Registered Nurses' Association of Ontario

Nursing Best Practice Guidelines

Complications as Experienced by Many Clients Post Stroke

 • Falls (Lindsay et al., Update 2010; McLean, 2004; Tsur & Segal, 2010; Wagner, Phillips, Hunsaker, & Forducey, 2009; Watanabe, 2005) and potential for falls resulting in hip fractures (Czernuszenko & Czlonkowska, 2009; Eng, Pang, & Ashe, 2008; Mackintosh et al., 2005; Pouwells et al., 2009),
• Fatigue & depression (Schepers, Visser-Meily, Ketelarr, & Lindeman, 2006; Smith, van den Broek, Renkens, & Denollet, 2008),
• Nocturnal hypoxia (see Recommendation 3.0),
• Potential development of pneumonia from immobility (Grajales et al., 2010; McLean, 2004; 2007) and dysphagia (Hinchey et al., 2005; Masiero et al., 2008).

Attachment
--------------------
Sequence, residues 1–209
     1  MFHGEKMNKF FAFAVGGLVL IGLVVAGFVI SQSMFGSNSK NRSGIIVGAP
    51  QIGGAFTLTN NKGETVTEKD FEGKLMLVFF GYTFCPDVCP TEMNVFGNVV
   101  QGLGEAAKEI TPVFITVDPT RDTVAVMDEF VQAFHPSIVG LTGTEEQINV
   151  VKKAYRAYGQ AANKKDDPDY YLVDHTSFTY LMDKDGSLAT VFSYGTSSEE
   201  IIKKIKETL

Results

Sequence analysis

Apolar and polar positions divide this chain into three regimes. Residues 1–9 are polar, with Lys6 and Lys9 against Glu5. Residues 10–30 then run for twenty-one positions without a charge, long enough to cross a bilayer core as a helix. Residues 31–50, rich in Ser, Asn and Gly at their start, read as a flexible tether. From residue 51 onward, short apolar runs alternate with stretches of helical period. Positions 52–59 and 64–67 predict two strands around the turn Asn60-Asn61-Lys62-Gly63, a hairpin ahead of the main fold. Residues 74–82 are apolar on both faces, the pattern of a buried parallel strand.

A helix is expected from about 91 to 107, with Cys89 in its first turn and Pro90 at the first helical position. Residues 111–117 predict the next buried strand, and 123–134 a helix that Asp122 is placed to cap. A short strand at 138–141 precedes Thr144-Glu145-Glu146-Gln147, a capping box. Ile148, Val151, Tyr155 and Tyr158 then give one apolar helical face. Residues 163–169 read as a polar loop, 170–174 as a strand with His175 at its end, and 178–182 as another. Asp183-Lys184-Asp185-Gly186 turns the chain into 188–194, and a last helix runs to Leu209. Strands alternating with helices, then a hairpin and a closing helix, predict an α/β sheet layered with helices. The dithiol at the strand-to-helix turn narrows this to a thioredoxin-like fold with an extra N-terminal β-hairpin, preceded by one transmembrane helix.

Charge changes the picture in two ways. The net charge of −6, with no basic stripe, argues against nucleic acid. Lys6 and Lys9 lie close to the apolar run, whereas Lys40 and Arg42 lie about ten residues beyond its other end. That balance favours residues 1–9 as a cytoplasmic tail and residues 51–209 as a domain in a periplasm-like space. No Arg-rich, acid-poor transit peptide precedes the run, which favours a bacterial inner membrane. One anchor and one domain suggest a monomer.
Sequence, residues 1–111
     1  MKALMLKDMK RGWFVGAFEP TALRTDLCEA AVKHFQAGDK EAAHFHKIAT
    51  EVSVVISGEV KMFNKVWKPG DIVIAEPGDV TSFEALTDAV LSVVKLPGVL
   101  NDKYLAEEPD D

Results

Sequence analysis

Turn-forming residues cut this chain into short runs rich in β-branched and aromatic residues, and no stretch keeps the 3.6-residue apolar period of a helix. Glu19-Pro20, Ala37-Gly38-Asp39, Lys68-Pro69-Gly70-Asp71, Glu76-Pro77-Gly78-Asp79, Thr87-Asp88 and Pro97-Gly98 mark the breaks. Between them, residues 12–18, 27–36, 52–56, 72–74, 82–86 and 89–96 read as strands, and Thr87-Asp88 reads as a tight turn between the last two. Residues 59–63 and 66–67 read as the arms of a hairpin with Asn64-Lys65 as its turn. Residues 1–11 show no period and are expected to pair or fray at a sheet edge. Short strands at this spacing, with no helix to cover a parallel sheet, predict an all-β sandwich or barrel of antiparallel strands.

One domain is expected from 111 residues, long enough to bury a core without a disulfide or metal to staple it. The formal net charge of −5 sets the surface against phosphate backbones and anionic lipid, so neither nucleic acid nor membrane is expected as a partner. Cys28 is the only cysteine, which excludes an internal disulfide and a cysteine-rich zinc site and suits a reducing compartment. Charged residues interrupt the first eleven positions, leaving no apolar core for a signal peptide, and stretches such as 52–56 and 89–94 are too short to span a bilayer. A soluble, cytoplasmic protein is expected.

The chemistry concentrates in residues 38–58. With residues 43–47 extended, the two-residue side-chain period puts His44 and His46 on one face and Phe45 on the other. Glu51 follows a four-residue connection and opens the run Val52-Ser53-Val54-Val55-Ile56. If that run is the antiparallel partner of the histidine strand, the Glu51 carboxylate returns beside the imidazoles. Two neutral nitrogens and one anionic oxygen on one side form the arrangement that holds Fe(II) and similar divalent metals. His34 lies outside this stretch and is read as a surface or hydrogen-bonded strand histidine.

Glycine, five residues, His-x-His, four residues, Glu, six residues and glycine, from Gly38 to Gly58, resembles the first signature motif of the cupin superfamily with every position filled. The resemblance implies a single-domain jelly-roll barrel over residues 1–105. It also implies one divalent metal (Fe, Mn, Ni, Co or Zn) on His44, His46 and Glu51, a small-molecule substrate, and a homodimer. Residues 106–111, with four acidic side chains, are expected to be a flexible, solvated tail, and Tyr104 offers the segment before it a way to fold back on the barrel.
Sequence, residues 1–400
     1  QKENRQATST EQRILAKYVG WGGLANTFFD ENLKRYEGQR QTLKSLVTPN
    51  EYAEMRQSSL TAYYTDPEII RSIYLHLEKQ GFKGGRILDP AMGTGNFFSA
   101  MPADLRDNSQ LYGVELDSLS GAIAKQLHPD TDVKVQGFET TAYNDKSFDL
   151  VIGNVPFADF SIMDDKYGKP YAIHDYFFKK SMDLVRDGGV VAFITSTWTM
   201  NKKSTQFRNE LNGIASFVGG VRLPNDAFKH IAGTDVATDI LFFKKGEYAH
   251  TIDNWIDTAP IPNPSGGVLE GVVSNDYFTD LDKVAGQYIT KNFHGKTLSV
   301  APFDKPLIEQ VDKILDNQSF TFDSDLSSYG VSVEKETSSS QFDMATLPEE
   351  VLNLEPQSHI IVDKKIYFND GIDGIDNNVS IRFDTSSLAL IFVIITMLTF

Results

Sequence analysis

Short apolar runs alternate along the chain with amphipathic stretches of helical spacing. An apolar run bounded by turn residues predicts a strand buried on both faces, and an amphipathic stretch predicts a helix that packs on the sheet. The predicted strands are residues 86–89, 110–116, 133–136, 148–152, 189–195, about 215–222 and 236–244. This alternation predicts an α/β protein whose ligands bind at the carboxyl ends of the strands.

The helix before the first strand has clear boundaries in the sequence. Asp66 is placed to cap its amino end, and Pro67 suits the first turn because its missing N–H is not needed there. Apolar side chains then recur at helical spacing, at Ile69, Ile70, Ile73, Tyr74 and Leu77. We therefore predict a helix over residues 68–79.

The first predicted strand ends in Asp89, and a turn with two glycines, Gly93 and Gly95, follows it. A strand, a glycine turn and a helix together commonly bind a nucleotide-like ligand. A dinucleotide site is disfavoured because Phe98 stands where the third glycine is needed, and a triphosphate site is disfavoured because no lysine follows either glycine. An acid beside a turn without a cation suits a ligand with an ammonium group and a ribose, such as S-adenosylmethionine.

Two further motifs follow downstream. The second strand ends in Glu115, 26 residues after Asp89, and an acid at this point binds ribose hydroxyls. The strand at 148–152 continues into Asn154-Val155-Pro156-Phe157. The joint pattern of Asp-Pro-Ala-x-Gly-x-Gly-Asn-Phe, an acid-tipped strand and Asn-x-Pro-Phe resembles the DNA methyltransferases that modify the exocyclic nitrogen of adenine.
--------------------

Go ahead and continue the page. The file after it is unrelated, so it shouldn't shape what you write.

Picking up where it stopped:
• Pressure ulcers (McLean, 2004; 2007),
• Shoulder pain (Chae et al., 2007; Lindsay et al.; McLean, 2004; Suethanapornkul et al., 2008),
• Spasticity/contractures (Sommerfeld, Eek, Svensson, Holmqvist, & von Arbin, 2004),
• Urinary tract infections (Lindsay et al.; McLean, 2004 & 2007), and
• Venous thromboembolism (Lindsay et al.; McLean, 2007).

 

A cohort study by Sackley et al. (2008) identified that mobility-related complications such as falls, contracture, pain, shoulder pain, depression and pressure sores remain common in the first year and early assessment and implementation of interventions to prevent or limit complications are necessary.